Court REVERSES order to shut down Dakota Access Pipeline a month after judge ruled Trump administration violated federal law when it was approved without full environmental study
- Federal appeals court on Wednesday reversed shut-down of pipeline
- DC Circuit Court sided with pipeline owner Energy Transfer to keep oil flowing
- Ruling comes as a blow to the Standing Rock Sioux Tribe that sought shutdown
- Pipeline project was at the center of huge protests in 2016 and 2017
A federal appeals court on Wednesday reversed a judge’s prior order that had shut down the Dakota Access Pipeline pending a full environmental review.
The U.S. Court of Appeals for the District of Columbia Circuit sided with pipeline owner Energy Transfer to keep the oil flowing, saying a lower-court judge ‘did not make the findings necessary for injunctive relief.’
But the appellate court declined to grant Energy Transfer’s motion to block the review, saying the company had ‘failed to make a strong showing of likely success.’
The ruling comes as a blow to the Standing Rock Sioux Tribe, which was at the center of massive protests against the pipeline in 2016 and 2017, based on concerns about the pipeline’s impact on drinking water in the region.
The image above shows construction of the Dakota Access oil pipeline in Morton County, North Dakota. A federal appeals court on Wednesday reversed a judge’s order that shut down the Dakota Access pipeline
On July 6, U.S. District Judge James Boasberg ordered the pipeline closed within 30 days while the U.S. Army Corps of Engineers fulfills his demand to conduct a more extensive environmental review than the one that allowed the pipeline to start moving oil near the Standing Rock Indian Reservation three years ago. This process could take more than a year.
Boasberg cited the ‘potential harm’ that the pipeline could cause before the Corps finishes its survey. He rejected the company´s request to halt the order, sending the case to the three-judge appeals panel. The appellate court paused Boasberg´s order in mid-July to give it time to consider the case.
In arguing against the closure, Energy Transfer said the line couldn’t be shut off by the judge´s August 5 deadline. The company said it would take three months to empty the pipe of oil and perform the time-consuming and expensive steps to keep the line from corroding without the flow of oil.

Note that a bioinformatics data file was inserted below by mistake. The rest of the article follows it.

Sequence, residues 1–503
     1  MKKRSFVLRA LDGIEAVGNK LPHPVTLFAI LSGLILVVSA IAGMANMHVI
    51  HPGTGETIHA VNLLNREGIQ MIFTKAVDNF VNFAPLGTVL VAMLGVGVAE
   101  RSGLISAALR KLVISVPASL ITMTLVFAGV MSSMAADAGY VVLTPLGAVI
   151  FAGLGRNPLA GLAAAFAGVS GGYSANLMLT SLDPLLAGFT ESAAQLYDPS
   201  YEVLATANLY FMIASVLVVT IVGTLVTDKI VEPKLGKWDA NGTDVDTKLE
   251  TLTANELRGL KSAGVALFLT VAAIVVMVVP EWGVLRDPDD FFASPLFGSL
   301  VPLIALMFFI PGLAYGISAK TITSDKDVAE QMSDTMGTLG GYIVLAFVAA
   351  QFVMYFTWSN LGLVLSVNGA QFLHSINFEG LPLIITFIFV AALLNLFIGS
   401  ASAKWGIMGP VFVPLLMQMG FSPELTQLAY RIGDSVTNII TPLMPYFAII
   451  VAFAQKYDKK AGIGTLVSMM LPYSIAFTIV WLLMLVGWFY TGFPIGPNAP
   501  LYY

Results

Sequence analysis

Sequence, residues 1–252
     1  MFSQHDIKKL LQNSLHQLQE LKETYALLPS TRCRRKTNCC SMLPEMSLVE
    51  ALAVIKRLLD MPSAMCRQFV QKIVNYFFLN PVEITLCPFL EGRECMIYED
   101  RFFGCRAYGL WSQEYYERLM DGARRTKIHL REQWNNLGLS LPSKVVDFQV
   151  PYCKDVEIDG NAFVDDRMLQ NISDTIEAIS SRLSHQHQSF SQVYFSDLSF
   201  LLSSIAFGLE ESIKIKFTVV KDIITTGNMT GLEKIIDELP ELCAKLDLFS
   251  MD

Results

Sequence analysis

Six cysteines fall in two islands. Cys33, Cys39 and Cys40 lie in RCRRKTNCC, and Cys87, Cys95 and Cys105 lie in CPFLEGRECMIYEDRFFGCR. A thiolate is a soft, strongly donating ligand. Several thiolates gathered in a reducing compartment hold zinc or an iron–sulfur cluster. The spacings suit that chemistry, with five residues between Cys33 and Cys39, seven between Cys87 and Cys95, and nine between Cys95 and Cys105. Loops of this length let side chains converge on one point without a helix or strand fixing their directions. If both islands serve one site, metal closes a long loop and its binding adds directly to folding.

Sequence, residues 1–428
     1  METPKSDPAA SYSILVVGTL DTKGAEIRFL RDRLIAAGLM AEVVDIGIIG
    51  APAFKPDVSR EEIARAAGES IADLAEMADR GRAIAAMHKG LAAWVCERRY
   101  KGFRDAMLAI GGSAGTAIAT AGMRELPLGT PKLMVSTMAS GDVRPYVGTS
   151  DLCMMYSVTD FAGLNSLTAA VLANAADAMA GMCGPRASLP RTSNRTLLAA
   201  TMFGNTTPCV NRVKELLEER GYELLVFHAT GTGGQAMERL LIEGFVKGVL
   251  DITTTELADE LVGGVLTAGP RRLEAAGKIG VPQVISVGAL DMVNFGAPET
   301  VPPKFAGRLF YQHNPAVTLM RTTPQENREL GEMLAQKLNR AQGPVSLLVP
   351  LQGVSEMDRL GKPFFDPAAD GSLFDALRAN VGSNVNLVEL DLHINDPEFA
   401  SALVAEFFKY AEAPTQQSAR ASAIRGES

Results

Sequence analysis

Energy Transfer estimated it would cost $24 million to empty the oil and take steps to preserve the pipe. The company said it would have to spend another $67.5 million each year to maintain the line while it´s inoperable.
The pipeline holds about 5 million barrels of oil when full.
It was the subject of months of protests in 2016 and 2017, sometimes violent, during its construction near the Standing Rock Sioux Reservation that straddles the North Dakota-South Dakota border. The tribe took legal action against the pipeline even after it began carrying oil from North Dakota across South Dakota and Iowa to a shipping point in Illinois in June 2017.
The $3.8 billion, 1,172-mile pipeline crosses beneath the Missouri River, just north of the reservation. The tribe draws its water from the river and has concerns about pollution. The company maintains the line is safe.
The pipeline’s construction was met with fierce protests in 2016 and 2017 as supporters of the Standing Rock Sioux Tribe demonstrated to demand that the project be halted
Permits for the project were originally rejected by the Obama administration, and the Army Corps of Engineers prepared to conduct a full environmental review.
In February 2017, after President Donald Trump took office, the Corps scrapped the review and granted permits, concluding that running the pipeline under the Missouri River posed no significant environmental issues.
The Corps said that opinion was validated after an additional year of review, as ordered by Boasberg, an Obama appointee, in 2017.
Boasberg ruled then that the Corps had ‘largely complied’ with environmental law when permitting the pipeline but ordered more review because he said the agency did not adequately consider how an oil spill under the Missouri River might affect the Standing Rock Sioux´s fishing and hunting rights, or whether it might disproportionately affect the tribal community.